6.7. Power

The 3pi+ 2040 control board includes battery terminal connections that provide access to power from the 3pi+ chassis’s four-AAA battery compartment. We recommend using rechargeable AAA NiMH cells, which results in a nominal voltage of 4.8 V (1.2 V per cell). You can also use alkaline cells, which would nominally give you 6 V.

The negative battery voltage is connected to GND. The positive battery voltage is designated VBAT. VBAT feeds into a reverse protection circuit and then a power switching circuit controlled by the on-board pushbutton. The output of the power switching circuit is designated VSW.

VSW provides power to the on-board motor voltage regulator, and that regulator’s output (VM) powers the DRV8838 motor drivers, so the motors can only operate if the batteries are installed and the power switch circuit is on.

The reverse protected and switched battery voltage on VSW can be monitored through a voltage divider that is connected to GP26. The divider outputs a voltage that is equal to 1/11 of the battery voltage. The 3pi+ 2040 Robot Libraries and Example Code provide functions that can be used to determine the battery voltage from this reading. GP26 is also used to control the line sensor infrared emitters (see Section 6.5); the low divider ratio ensures that the emitters are effectively off even while the pin is being used as an input to measure the battery voltage.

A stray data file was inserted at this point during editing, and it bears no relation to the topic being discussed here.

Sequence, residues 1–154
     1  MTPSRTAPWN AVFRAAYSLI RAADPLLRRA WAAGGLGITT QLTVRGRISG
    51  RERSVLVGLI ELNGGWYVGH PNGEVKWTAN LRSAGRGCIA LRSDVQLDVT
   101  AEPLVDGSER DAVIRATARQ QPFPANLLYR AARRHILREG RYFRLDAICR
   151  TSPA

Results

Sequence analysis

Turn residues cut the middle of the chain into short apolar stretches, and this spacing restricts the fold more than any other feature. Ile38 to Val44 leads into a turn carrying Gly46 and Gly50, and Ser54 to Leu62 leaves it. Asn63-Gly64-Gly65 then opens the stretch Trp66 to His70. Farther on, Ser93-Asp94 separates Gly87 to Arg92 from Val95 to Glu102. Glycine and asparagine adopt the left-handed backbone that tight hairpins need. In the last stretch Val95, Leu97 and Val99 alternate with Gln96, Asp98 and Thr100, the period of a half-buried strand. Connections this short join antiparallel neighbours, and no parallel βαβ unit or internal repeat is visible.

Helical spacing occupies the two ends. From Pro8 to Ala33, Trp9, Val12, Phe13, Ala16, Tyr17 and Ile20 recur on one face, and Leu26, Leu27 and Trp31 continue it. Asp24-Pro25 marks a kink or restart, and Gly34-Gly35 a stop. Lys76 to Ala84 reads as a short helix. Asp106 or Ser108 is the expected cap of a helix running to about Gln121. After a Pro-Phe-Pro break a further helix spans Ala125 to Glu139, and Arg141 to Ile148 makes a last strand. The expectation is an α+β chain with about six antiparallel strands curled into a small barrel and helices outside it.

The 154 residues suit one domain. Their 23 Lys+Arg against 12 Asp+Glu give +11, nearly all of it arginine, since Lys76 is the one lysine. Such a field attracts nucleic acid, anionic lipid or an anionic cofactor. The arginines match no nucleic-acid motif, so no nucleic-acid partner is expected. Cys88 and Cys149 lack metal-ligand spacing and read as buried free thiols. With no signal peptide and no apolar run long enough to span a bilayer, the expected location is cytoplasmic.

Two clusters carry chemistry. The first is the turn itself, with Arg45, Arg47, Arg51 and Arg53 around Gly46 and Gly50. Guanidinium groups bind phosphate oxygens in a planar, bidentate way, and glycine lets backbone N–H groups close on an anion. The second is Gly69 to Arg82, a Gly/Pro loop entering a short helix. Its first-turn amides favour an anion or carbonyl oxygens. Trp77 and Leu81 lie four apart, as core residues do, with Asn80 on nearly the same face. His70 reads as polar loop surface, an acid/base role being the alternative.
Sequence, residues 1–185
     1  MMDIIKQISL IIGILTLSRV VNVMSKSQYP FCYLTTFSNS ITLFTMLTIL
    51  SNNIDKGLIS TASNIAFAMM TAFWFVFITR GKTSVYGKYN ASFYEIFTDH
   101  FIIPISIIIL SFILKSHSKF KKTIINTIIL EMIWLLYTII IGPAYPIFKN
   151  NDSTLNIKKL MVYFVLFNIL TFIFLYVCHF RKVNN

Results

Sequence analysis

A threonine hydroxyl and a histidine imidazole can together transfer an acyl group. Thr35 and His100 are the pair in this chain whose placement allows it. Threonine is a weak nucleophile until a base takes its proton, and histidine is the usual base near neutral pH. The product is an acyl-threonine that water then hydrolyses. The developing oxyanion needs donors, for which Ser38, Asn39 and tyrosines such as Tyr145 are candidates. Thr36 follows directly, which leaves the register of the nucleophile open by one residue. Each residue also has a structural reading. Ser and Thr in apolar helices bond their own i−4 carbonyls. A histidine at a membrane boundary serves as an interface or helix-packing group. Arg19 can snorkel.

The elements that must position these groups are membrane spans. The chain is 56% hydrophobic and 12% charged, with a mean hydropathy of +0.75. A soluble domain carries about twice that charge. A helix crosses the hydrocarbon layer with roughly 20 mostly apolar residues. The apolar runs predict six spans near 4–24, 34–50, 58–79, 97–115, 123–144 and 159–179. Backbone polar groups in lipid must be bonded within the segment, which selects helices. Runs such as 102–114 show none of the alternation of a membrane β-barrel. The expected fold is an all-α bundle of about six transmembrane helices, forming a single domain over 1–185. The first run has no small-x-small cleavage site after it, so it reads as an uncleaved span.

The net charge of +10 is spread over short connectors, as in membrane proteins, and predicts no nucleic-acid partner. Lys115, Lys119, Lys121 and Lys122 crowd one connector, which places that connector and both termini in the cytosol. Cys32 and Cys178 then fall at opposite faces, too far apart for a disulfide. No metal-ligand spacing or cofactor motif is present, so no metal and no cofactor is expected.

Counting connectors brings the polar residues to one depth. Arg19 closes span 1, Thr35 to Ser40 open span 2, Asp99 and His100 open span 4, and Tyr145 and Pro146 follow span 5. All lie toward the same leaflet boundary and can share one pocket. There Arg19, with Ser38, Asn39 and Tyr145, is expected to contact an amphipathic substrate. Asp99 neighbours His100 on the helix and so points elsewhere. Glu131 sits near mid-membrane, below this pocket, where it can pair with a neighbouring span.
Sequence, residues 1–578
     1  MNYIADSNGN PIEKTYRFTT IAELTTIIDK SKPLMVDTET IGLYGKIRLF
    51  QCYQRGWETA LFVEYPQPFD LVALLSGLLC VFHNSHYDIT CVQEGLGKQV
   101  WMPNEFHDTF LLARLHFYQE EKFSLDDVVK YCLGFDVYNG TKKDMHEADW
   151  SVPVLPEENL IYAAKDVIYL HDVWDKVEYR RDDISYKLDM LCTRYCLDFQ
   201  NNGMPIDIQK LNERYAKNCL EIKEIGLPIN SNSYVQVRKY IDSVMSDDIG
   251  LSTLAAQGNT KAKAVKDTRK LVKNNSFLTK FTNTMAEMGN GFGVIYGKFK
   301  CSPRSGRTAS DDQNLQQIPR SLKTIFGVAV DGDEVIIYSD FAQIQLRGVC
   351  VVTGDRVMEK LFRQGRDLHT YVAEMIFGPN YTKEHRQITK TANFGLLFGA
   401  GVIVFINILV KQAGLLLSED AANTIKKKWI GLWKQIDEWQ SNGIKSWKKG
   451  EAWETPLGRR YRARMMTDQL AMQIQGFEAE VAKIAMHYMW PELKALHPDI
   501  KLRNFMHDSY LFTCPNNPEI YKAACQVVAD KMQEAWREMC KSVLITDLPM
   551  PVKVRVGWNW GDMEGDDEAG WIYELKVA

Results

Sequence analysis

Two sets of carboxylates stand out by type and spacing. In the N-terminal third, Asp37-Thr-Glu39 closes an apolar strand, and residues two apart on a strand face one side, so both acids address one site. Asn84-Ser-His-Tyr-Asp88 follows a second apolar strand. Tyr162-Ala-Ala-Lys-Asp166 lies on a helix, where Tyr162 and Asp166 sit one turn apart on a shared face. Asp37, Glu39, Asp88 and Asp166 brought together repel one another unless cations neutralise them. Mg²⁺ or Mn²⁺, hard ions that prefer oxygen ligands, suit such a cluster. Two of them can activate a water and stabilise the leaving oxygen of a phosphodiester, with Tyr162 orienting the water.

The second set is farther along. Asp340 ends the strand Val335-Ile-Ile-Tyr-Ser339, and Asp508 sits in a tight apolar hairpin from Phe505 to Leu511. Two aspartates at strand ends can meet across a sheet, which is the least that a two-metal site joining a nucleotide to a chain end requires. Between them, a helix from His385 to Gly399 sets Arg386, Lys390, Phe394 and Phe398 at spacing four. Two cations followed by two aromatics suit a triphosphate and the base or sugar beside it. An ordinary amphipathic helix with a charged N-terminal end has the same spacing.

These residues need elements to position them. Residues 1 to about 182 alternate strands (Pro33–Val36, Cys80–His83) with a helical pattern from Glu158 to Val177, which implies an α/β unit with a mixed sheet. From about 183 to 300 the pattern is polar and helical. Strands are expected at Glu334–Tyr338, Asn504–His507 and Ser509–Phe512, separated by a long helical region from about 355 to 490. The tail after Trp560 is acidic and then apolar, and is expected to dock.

Power switch circuit

The 3pi+ 2040 control board uses the patented latching circuit from the Pololu pushbutton power switch, which provides a solid-state power switch for your robot controlled with the on-board pushbutton. By default, this pushbutton can be used to toggle power: one push turns on power and another turns it off. Alternatively, a separate pushbutton can be connected to the PWRA and PWRB pins and used instead. Multiple pushbuttons can be wired in parallel for multiple control points, and each of the parallel pushbuttons, including the one on the board itself, will be able to turn the switch on or off. The latching circuit performs some button debouncing, but pushbuttons with excessive bouncing (several ms) might not function well with it.